THE JUDGMENT Wednesday by a jury in Florida in a huge class-action lawsuit that the tobacco industry is liable for smoking-related illnesses is a dramatic reminder that the tobacco wars are far from over. The jury, after months of testimony, concluded that the cigarette makers had engaged in "outrageous conduct" by hiding the health consequences of smoking. If their decision is upheld on appeal, it will likely mean the industry will have to pay sizable damages.

This is, of course, a big if. The courts have not generally been friendly to tobacco class actions, deeming the class of smokers too broad and diverse to be encompassed within a single piece of litigation. Moreover, the practical consequences of affirming this case would be a major logistical logjam: While the jury has ruled on the matters that the class has in common, the tens of thousands of class members will each have to have their damages assessed separately.

Still, there is some reason to be optimistic that the class will not ultimately be decertified. Before the case went to trial, the Florida court of appeals approved the class, and the state supreme court refused to hear the matter. While it could reconsider that decision now that the jury has ruled, it is not as though the issue is novel.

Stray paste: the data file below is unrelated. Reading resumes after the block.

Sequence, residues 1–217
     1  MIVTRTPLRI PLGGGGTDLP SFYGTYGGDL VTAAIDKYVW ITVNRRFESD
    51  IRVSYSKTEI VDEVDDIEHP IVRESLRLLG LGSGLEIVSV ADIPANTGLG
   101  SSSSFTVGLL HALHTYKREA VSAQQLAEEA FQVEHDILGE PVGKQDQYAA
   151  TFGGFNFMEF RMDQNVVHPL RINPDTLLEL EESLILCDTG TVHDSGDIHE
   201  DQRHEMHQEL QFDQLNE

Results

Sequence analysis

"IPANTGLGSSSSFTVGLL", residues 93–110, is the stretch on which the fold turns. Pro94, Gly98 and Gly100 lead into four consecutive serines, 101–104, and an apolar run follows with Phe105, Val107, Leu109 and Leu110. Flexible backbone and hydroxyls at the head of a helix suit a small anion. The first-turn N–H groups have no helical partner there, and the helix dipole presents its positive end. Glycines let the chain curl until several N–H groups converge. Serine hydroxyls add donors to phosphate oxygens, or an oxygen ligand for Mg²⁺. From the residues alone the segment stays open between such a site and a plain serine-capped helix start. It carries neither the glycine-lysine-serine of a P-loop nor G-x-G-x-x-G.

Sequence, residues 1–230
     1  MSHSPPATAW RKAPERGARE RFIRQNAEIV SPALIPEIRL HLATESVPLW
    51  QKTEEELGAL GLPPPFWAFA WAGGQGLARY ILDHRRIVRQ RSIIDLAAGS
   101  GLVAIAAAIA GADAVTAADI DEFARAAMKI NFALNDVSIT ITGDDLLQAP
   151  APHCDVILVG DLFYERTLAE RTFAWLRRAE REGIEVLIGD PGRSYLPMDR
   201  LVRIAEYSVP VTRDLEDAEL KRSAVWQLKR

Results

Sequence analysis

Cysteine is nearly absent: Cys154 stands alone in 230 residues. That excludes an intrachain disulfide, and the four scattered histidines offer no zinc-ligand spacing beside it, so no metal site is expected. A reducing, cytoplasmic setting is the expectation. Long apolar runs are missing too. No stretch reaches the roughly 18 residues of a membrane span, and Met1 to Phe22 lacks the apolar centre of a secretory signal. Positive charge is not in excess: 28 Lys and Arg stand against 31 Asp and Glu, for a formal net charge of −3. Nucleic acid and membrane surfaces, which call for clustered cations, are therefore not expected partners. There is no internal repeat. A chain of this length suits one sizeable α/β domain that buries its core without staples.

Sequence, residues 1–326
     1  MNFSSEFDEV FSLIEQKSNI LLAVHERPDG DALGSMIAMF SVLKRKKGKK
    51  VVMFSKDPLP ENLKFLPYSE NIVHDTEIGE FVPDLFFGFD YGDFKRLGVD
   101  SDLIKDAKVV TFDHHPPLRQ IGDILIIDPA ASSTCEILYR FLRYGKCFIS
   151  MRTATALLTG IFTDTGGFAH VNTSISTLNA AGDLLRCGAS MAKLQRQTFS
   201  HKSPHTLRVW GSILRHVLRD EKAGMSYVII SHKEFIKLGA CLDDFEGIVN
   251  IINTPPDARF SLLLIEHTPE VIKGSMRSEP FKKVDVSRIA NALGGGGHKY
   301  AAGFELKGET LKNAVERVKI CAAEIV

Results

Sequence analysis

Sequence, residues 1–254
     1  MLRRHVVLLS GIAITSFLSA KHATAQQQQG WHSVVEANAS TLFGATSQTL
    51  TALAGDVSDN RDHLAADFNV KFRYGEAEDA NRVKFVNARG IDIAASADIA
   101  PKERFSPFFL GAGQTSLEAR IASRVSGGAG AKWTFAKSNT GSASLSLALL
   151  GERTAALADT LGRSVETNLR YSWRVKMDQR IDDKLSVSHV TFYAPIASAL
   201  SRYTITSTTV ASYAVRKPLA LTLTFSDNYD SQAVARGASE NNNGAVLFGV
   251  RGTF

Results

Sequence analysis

The verdict also points to the absurdity of the current move in the Senate to block funding for a Justice Department suit against the industry. Sen. Judd Gregg (R-N.H.), chairman of an appropriations subcommittee, is trying to cut off $20 million in funds the department requested for the action. Senate language may also suggest that other money may not be used.

But even if this verdict is ultimately reversed, it shows that the industry is vulnerable in court to strong presentations of the fraud it long perpetrated on Americans. That means it's not out of the woods either for other individual actions for damages or for a suit from the federal government. To forbid the Justice Department even to try to recover Medicare money spent by American taxpayers as a result of industry behavior would be to ask the public at large, rather than the industry and its shareholders, to pay for smoking-related medical costs -- a kind of tax on the industry's behalf. The judgment in Florida suggests there is another way.